Bones of the Dark Moon – Richard E. Lewis

Thursday December 7, 2017 6:00 PM - 7:30 PM

During construction on an idyllic Bali seashore, workers uncover skeletons, victims of brutal mass murder. The discovery sets the village of Batu Gede astir. The life of Made "Nol" Ziro, a stalwart member of the community with a little gambling problem, is turned upside down. Could one of those skeletons be that of his schoolmaster father, who disappeared during the massacres of 1965? As Nol sets out to find the truth, his path crosses that of American anthropologist Tina Briddle, who has secrets of her own, and who is determined to give a voice to the unknown bones. She suspects that the key to their mystery lies with Reed Davis, an enigmatic retiree dwelling among the Ubud expat community and rumored to have been a CIA spy. Drawing them together is the mysterious Luhde Srikandi, who fifty years ago whispered her enchantments from the shadows of conspiracy and who begins to whisper again. What happened on that sleepy beach isn't all dusty memory. Secrets are revealed, vengeance is unleashed, and a forbidden love flares to life. Arguably the most traumatic cataclysm of Bali's rich and fascinating history, the massacres of 1965 remain mostly unknown to the island's visitors. Interweaving historical drama with contemporary Bali life, Bones of the New Moon is compulsively readable, a page-turner with unexpected twists leavened with dashes of humor, laying bare the love and hatred, the tragedy and irony, and the joy and despair of our common human predicament.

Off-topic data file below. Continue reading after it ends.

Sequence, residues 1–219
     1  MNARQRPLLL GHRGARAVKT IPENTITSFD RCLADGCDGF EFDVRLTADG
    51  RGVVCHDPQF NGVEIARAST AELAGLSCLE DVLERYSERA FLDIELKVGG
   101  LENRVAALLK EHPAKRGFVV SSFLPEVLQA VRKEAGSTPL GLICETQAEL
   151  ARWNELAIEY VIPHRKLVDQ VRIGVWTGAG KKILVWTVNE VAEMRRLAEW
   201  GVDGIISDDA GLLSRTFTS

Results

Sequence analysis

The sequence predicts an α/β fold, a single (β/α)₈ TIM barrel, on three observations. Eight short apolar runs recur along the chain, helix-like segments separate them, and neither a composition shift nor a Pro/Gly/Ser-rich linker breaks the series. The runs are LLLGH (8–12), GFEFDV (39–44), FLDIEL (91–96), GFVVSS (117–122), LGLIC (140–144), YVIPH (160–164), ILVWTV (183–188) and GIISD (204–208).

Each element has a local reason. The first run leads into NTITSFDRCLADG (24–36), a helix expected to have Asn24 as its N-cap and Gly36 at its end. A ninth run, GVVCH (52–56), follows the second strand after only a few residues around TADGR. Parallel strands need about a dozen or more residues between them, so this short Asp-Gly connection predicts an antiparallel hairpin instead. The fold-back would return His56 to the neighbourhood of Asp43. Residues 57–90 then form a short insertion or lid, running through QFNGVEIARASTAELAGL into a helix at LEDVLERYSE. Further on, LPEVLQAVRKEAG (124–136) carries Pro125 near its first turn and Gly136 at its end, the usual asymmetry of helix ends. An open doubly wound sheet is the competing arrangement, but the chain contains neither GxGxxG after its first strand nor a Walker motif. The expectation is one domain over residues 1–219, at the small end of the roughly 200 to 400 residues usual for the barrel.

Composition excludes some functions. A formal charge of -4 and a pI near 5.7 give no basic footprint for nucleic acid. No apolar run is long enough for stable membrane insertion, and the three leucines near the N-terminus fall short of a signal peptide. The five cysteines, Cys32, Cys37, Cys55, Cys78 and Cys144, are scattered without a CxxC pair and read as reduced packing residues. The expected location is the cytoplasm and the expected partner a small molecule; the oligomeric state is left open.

We have read well over 70 books since the book group began.